And I feel exactly the same in reverse. And it's perfectly okay that we are polar opposites, so long as we each continue to have access to our choices. Gnome has thrown us under the bus entirely lately. Thankfully mousepad is a good replacement for gedit 2.x now. I just hope the Gnome devs don't force GTK+ 3 library users into their UI guidelines (like the aforementioned common dialog question.) So far, the Xfce 4.12 screenshots are a lot more promising than I had expected.
> but that is probably why I'm on OSX and not XFCE.
And I really hope you'll stay away from the Xfce dev team in that case :D
The whole Gnome/systemd/fedora sphere seems to have a severe case of OSX envy.
So its not fair to judge it this way. Try to open some Xfce apps in GNOME and it will look like horror too (compared to gnome ones) :)
I would like to apologetically take blame for designing and implementing the old dialog 6+ years ago, and thank the team for finally replacing it with something that looks actually usable.
Congrats on 4.12! Hopefully it'll be in Debian jessie soon...
Isn't it too late to be included in Jessie? As an XFCE + i3 user anxiously awaiting Jessie in stable, I'd be very happy to hear that it'll be included, but I thought all major packages had been frozen already.
The most annoying times of the year are when Debian is in a freeze preparing for release. I can't get the latest version of everything and I am just so lazy I can't be bothered to build an upstream package from scratch.
And while I don't find much use for Debian releases myself I know they are useful and important to others.
On my laptop I use Xubuntu (Xfce desktop), and I also must say that modern Xfce is better at the Gnome 2 thing, than Gnome 2.
Anyway, I think Xfce is better.
Gnome 2 is wonderful when configured, but yes, some interactions (like moving toolbar elements around) are pretty awkward by 2015 standards.
That being said, RHEL 6 with Gnome 2 is a great choice for older, less performant systems that you configure once and don't touch frequently. Or for replacing XP on Grandpa's old ThinkPad...
Xfce was the option I was so happy to have. It used to be a no frills, minimalistic (but not conceptually minimalistic) interface that simply did the job. Now the interface is getting more complicated and innovative. More complicated designs requires better designers, and they don't seem to be around except for in the Elementary OS community.
I haven't looked into MATE yet, perhaps I'll do that.
Other than that your theme looks good. Please share details.
It was just a fast test of Ubuntu MATE in a VM.
"All but one of those screenshots were taken on machines running OpenBSD -current, a good proof that Xfce is still portable and friendly to all Unix systems."
I've always been a fan of XFCE -- it's lightweight, but not so lightweight that you have to make a ton of sacrifices. Plus, XFWM is the only window manager I know of that supports compositing, but doesn't have any animations or other fancy effects (on slower computers, this can be surprisingly beneficial).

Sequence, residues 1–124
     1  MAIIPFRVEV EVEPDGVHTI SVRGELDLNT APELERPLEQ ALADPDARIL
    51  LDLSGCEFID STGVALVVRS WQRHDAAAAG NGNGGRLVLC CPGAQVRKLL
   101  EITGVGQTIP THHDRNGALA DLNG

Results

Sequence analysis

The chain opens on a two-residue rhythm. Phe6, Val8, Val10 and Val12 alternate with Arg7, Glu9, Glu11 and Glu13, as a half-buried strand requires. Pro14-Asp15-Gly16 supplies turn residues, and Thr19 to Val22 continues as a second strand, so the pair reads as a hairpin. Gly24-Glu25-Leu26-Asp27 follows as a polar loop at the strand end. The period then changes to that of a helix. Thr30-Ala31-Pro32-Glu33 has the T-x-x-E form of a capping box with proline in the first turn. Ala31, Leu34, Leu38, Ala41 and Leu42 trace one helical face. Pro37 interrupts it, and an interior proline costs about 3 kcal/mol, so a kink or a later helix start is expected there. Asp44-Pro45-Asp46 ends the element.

My one gripe with i3WM, an otherwise excellent tiling window manager, is the lack of compositing support (well, it works, kind of, but falls apart when, for example stacking terminal windows with transparency enabled, argghhh).
Can anyone speak to if the new release has slimmed things down or is it still, at least to my reading, becoming bulkier still?
And after WindowMaker, xfce remains my preferred full-desktop environment. I like that it's avoided the feature-bloat and power-user hostility of GNOME and KDE.
If Xfce ever needs an advertising slogan ...
I've been running Crouton (XFCE/Xubuntu) on my Samsung Chromebook 13" for about a year now. XFCE is a godsend for Chromebooks... instantly transformed from a light browsing laptop into a serious work machine.
1. Install the environment(s) you want to try.
2. Log out of your present desktop session and select the new alternative at your display manager (log-in) prompt.
Or, if you don't want to log out entirely, create a new test account, and use that (with a new session -- yes, you _can_ run multiple desktop sessions at a time) and try out different desktop environments / window managers.
Or, use Xephyr, a nesting X server, to run X within your present X session.
Or, use a virtual machine to test a different OS entirely (heavier weight than other options).
Lots of alternatives.
I interact with any of them so infrequently that it's really not a concern.
Can't wait for the power manager fix for systemd
What is the hot new Linux distro on the block? Elementary OS? Tails? Steam OS?
I used to be a distro geek, test all kinds of various ones, various window manager, twiddle driver settings and all.
Now just use Ubuntu for the last 7 years and like it. It just lets me get the work done.
In the early days (Slackware 2.0 onwards) I used to test every distro and windows manager, eventually I got tired of it.
Nowadays I tend to use Windows on my main laptop and Ubuntu does everything I need on VMs and my travel laptop, without spending time messing with configurations.
DE-wise, KDE's Plasma5 and LXQt both look pretty cool, though not many distros have them yet.
You might want to use Kubuntu if you're a KDE fan.
I'd recommend Mint, they use Cinnamon as their Windows Manager and it's pretty cool.
Mint is good. Cinnamon is pretty, but occasionally has problems that I don't see since I swapped to XFCE (it randomly started hogging the CPU, I never worked out why).
Manjaro needed a few more tweaks to get things working at first, but I have had less problems afterwards.
Definitely. Love it.